Taking Liberties with Harry Potter

The Boston Globe Magazine, June 29, 2003

Taking Liberties with Harry Potter

Thousands of spinoffs of J.K. Rowling’s novels--many steamy with graphic sex--can be read on the Internet. But why is this fan fiction, often of questionable legality, allowed to flourish?

By Tracy Mayor

A teacher locks a classroom door, orders his student to disrobe, and whips his bare backside with a long leather belt. Thinking the assault is over, the schoolboy at last dares to turn his head, just in time to catch a salacious gleam in his professor’s eye. His detention, it turns out, has only begun...

It’s not the latest from the clergy scandals, and it’s not something off Pete Townshend’s hard drive, either. The student being violated is Harry Potter. The teacher is his nemesis, Professor Severus Snape. The author of this particular narrative is a 30-something mother from the Midwest.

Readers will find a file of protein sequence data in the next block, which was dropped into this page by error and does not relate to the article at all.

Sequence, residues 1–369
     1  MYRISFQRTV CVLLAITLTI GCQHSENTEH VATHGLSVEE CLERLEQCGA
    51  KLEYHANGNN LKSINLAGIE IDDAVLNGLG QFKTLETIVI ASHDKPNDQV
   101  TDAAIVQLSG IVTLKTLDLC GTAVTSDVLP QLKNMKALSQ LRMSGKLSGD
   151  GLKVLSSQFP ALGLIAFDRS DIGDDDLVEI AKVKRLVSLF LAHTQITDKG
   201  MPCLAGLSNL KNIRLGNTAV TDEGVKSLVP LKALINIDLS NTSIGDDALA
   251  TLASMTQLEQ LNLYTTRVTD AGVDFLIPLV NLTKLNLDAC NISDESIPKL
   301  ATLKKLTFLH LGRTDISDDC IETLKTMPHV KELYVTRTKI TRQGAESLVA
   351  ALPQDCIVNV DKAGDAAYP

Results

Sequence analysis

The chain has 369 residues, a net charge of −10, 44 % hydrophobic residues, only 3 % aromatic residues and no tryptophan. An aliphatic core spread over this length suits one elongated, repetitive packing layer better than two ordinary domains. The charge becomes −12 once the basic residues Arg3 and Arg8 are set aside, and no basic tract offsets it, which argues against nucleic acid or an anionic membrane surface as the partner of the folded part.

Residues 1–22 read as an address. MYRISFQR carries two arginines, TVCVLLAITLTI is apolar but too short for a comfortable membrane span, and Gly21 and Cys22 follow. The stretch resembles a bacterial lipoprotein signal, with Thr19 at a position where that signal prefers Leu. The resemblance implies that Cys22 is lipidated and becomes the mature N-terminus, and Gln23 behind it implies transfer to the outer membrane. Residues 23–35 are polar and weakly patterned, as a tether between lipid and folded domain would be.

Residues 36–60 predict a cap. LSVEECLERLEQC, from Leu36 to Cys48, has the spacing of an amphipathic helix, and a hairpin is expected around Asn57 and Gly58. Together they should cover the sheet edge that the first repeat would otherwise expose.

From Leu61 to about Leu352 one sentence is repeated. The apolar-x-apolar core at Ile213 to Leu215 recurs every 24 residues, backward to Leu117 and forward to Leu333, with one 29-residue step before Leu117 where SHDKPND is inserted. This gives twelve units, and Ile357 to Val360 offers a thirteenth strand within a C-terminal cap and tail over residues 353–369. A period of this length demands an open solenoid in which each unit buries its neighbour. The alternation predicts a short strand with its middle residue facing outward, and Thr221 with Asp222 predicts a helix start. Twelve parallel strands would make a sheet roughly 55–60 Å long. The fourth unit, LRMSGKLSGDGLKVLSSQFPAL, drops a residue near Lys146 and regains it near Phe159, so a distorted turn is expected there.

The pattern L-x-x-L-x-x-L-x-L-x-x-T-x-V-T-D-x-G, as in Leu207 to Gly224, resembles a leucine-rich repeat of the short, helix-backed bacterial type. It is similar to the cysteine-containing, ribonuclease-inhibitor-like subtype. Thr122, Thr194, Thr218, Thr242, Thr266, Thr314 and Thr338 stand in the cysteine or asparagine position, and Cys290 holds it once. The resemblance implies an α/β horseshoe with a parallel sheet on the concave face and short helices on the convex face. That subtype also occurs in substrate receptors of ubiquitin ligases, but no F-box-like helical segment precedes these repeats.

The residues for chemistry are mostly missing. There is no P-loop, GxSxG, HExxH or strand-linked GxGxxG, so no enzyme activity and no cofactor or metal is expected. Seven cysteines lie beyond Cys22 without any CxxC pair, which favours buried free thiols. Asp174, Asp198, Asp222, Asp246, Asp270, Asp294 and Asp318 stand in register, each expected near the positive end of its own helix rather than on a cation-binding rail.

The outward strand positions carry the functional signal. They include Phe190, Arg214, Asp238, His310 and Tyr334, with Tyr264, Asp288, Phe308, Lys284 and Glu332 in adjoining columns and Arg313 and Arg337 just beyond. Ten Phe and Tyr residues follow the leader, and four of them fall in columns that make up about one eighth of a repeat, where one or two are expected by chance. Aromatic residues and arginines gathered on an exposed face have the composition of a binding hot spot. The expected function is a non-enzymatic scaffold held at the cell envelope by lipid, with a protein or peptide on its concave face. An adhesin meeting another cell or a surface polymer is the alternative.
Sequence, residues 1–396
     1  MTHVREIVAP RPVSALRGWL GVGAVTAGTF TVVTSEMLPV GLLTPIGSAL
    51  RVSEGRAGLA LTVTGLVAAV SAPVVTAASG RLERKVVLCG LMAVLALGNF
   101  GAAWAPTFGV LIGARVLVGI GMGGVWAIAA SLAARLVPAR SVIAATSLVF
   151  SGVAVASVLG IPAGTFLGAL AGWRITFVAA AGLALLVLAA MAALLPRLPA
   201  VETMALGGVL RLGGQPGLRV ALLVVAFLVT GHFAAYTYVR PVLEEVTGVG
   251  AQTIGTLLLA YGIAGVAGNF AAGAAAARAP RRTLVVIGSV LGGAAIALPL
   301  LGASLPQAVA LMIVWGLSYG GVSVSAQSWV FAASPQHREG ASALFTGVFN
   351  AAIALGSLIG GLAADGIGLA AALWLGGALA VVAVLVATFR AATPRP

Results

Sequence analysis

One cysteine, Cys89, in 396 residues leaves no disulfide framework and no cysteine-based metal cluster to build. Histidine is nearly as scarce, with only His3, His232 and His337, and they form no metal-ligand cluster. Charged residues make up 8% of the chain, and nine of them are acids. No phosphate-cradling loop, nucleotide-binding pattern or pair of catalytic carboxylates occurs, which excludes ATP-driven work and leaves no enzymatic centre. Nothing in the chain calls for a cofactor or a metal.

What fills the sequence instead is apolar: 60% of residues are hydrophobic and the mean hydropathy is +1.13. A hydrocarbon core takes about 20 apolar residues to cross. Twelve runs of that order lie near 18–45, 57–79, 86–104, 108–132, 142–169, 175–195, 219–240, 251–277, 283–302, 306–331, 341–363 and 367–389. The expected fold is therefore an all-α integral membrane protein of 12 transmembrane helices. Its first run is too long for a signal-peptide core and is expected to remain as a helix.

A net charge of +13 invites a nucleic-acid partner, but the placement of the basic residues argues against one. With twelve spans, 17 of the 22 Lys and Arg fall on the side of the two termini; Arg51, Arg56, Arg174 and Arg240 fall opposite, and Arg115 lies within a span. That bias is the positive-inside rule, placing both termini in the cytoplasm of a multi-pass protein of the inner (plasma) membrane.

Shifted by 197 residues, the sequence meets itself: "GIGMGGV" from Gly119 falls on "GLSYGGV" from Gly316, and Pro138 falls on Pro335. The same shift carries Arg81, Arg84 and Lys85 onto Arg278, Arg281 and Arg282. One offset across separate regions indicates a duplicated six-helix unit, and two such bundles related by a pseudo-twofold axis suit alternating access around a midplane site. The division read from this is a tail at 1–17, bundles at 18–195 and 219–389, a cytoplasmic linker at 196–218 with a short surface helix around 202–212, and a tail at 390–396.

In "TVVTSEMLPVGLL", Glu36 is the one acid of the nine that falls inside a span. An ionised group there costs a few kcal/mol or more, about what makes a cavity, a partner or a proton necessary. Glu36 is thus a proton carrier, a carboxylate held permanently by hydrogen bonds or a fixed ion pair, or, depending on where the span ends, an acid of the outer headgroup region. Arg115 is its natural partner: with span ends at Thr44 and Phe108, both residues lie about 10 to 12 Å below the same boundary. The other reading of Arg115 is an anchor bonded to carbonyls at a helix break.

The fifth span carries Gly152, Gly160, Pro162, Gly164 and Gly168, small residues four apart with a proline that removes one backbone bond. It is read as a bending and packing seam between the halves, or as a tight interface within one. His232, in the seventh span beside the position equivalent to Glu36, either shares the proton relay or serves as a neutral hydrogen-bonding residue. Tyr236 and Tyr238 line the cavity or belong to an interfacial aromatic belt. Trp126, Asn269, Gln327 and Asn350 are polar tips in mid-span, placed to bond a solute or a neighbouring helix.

Welcome to the world of fan fiction.

Since its June 21 debut, readers around the globe have been devouring “Harry Potter and the Order of the Phoenix,” the very long-awaited fifth book in J.K. Rowling’s blockbuster series of teenaged wizard tales. 

They might not know that a surprising number of Potter fans had already taken matters into their own hands, writing and distributing stories that put Rowling’s famous trio, Harry, Ron and Hermione—as well as every other character mentioned in her books--into situations that are often romantic, sometimes homosexual, and occasionally pornographic.

Fan fiction, or “fanfic,” didn’t start with Harry Potter or the Internet, but that combination has brought it as close as it’s ever been to the mainstream. On the way, fanfic is raising a host of legal, moral and creative questions that only promise to become more entangled as each of Rowling’s books is released (seven are planned in all).